Zoos at 6
A few hardy, curmudgeonly insiders know something about enjoying the beautiful, and beautifully free, National Zoo that most don't -- or don't care to -- know. Which is: It opens at 6 a.m.
For a precious few hours (until about 8:30, when the day shift shows up), the only visitors are the occasional jogger, camera folk with professional-looking rigs, and the aforementioned curmudgeons. People who arrive later will never hear the wolves howl, see the cheetahs prowl, or smell the morning mist.
The animals are generally on their feet (or whatever) at this hour because it's feeding time. Ever see camels prance in anticipation of a meal? You won't when they mellow out later in the day.
The downside of visiting the zoo far from the madding crowd is that not every animal is accessible. The indoor exhibits don't open until 10 a.m., and even some of the
mammals with outdoor access are doing what most Homo sapiens prefer to do -- sleeping in. So maybe you get to see the rhinos, giraffes and gibbons, or maybe not.
More certain are the camels, elephants, tapirs, bongos, kangaroos and New Guinea singing dogs, all enjoying a few minutes of near-solitude before the tranquillity is shattered by the howling, mewling and cage rattling of the visiting herds.
Kevin Patterson, Washington
We have America's first modern-art museum in Washington, and tourists come here from afar to view . . . a famous French masterpiece? Yes, Pierre-Auguste Renoir's "Luncheon of the Boating Party" is the glamour shot at the Phillips Collection, renowned for its European impressionists.
But those who go there are, after all, at 21st & Q streets in the heart of America's capital. And though some great American artists, such as Georgia O'Keeffe, Arthur Dove and Richard Diebenkorn, are represented in the collection, they seem an afterthought among the more celebrated Old Worlders.
In the midst of this Eurocentrism, there is one classic bit of pure Americanism I always find refreshing. It never moves from its location in a stairwell just off the museum's majestic Music Room. It's called "Night Baseball," and it was painted by Marjorie Phillips, wife of the museum's founder. She died in 1985 at the age of 91.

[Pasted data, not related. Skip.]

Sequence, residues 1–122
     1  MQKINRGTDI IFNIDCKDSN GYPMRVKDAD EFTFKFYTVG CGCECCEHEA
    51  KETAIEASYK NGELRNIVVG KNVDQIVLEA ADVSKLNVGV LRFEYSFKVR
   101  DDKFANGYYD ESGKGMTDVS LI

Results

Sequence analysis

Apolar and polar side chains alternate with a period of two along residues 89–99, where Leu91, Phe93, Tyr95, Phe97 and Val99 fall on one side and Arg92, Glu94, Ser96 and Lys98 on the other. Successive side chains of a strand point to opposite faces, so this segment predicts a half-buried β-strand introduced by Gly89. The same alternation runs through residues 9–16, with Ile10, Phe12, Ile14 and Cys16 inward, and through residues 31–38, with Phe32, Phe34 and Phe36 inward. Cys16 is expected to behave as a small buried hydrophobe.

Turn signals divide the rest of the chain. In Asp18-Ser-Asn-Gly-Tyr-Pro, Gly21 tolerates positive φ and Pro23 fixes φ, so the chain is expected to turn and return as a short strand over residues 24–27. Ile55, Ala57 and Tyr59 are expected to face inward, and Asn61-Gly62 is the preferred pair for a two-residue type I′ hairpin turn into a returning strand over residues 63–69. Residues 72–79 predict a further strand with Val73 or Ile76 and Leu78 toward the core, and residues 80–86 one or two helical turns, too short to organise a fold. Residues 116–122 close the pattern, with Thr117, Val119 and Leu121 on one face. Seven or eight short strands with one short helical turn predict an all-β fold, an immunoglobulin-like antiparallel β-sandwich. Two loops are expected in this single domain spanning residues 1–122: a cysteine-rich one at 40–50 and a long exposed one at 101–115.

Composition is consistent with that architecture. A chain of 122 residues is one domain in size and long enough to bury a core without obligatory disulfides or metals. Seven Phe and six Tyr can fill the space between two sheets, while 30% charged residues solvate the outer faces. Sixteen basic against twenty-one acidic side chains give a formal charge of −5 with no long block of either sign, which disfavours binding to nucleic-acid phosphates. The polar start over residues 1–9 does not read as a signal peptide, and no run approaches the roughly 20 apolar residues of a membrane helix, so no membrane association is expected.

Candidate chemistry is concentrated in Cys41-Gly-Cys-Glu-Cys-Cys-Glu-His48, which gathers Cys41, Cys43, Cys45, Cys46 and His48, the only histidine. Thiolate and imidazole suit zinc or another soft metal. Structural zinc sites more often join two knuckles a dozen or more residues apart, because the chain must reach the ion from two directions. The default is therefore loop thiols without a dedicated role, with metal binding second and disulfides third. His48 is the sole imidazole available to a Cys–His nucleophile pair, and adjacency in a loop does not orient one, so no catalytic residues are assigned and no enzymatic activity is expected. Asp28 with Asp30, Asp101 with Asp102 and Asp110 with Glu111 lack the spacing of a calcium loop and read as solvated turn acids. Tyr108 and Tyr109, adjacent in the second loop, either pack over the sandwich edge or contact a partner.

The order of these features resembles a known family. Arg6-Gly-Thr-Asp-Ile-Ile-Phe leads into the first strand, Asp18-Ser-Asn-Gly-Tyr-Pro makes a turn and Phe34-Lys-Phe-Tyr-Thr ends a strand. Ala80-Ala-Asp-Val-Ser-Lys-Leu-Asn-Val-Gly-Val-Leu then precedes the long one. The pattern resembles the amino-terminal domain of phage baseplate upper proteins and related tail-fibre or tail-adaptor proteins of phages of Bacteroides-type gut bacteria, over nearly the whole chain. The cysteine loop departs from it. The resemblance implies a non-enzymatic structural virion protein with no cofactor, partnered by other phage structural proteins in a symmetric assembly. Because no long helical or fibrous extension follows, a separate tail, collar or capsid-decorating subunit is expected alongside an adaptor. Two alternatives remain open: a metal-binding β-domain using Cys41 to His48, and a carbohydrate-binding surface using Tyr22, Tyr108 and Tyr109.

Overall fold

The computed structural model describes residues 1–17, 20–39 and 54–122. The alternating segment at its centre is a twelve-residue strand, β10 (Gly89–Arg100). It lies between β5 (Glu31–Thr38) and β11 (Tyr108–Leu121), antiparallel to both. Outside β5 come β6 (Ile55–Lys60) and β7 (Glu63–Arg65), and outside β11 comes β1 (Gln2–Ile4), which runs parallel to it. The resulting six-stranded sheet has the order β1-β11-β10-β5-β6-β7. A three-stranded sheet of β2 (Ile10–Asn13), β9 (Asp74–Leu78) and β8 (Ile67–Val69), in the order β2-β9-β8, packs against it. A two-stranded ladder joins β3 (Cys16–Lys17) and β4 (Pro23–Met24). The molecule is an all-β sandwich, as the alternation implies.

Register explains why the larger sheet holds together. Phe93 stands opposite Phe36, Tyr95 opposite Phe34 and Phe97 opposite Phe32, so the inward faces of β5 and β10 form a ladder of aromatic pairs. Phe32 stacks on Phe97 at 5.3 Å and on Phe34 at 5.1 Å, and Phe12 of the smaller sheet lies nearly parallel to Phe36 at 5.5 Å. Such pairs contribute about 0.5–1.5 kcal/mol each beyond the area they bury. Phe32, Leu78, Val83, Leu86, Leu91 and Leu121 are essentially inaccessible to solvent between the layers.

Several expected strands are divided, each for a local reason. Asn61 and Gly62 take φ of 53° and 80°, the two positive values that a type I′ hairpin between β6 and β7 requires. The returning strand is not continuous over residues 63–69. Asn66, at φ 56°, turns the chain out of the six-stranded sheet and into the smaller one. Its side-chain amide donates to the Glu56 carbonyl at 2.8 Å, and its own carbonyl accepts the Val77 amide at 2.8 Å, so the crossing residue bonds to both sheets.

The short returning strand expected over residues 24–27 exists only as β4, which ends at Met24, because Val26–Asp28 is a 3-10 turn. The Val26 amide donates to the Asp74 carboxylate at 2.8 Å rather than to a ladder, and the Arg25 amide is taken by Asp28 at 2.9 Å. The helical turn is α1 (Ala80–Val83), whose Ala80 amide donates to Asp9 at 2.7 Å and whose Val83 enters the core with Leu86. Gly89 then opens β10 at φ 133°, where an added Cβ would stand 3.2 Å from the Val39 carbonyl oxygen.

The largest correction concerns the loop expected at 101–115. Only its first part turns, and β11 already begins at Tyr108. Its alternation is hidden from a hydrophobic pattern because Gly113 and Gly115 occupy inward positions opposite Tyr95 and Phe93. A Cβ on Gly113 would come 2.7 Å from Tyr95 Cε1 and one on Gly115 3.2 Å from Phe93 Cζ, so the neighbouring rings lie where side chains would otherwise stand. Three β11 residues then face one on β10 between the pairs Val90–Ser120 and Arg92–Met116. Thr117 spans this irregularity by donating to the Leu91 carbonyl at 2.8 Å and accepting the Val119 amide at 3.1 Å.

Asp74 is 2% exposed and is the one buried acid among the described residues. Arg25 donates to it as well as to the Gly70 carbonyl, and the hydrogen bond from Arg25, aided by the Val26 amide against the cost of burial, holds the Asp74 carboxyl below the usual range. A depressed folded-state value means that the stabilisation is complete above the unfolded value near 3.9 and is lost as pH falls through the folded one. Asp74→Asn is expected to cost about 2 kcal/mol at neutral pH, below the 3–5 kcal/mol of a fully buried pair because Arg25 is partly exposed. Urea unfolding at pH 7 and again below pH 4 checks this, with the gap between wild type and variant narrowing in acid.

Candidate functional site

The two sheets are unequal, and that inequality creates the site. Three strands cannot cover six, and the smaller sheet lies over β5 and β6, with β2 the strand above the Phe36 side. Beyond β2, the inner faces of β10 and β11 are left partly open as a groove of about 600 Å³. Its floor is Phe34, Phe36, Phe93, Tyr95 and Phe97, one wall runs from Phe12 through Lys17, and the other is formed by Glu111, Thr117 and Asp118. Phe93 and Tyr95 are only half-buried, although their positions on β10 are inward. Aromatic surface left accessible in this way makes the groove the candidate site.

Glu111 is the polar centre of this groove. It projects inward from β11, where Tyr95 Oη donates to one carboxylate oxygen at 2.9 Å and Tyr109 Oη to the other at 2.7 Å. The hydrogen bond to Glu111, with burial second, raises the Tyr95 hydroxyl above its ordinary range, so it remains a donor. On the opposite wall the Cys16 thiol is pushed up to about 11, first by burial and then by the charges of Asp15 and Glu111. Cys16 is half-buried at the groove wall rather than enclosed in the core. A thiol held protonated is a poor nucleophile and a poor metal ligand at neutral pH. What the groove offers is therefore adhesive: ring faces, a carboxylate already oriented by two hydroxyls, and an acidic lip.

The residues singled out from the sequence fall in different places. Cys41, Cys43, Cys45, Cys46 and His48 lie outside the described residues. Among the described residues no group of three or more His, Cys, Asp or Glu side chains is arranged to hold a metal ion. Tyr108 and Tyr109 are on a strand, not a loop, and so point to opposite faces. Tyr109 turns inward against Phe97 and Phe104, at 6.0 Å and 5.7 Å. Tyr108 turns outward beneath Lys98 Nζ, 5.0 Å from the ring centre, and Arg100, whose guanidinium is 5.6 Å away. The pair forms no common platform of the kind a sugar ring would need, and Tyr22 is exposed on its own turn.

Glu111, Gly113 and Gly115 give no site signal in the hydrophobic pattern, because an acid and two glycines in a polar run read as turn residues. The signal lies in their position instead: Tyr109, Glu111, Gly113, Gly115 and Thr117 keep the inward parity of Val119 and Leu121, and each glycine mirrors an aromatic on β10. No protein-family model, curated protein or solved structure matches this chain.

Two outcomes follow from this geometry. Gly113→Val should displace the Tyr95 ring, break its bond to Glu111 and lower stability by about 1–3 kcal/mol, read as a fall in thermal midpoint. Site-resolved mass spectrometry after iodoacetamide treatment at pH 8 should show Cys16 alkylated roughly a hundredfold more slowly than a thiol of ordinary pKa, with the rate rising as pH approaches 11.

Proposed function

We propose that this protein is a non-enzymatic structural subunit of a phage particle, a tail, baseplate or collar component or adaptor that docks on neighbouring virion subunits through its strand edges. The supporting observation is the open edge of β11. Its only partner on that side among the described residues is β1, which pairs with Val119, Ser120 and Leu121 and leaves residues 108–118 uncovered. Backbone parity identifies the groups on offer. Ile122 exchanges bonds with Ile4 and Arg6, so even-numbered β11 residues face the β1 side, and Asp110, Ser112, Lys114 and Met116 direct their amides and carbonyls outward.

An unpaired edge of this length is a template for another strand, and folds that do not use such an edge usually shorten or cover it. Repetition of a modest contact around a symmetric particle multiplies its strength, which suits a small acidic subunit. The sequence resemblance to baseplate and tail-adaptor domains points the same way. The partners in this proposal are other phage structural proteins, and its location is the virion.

The painting is Americana and Washington history. Not only does it portray the national pastime, but it shows it at the former Griffith Stadium, where every president of the United States, from William Howard Taft to John F. Kennedy, could be found throwing the season's ceremonial first pitch.
And it shows the arena filled with fans of the hometown Senators, displaying the loyalty needed to follow a team whose famous informal slogan was "Washington: First in War, First in Peace, Last in the American League."
Marjorie Phillips was not a great painter, but a charming one. "Night Baseball" exalts no kings or religious figures and shows nothing extraordinary except the drama and poetry inherent in the game.
But if you slink off from the Thursday "Artful Evening" happy hour in the wood-paneled Music Room to look at "Night Baseball," you'll realize -- if you recognize his stance -- that the batter on that captured night, now displayed without fanfare in the unadorned stairwell, is none other than that greatest of American artists, the recently departed Joe DiMaggio.
Michael J. Raphael, Washington
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CAPTION: The slugger in Marjorie Phillips's "Night Baseball" is graceful Joe DiMaggio.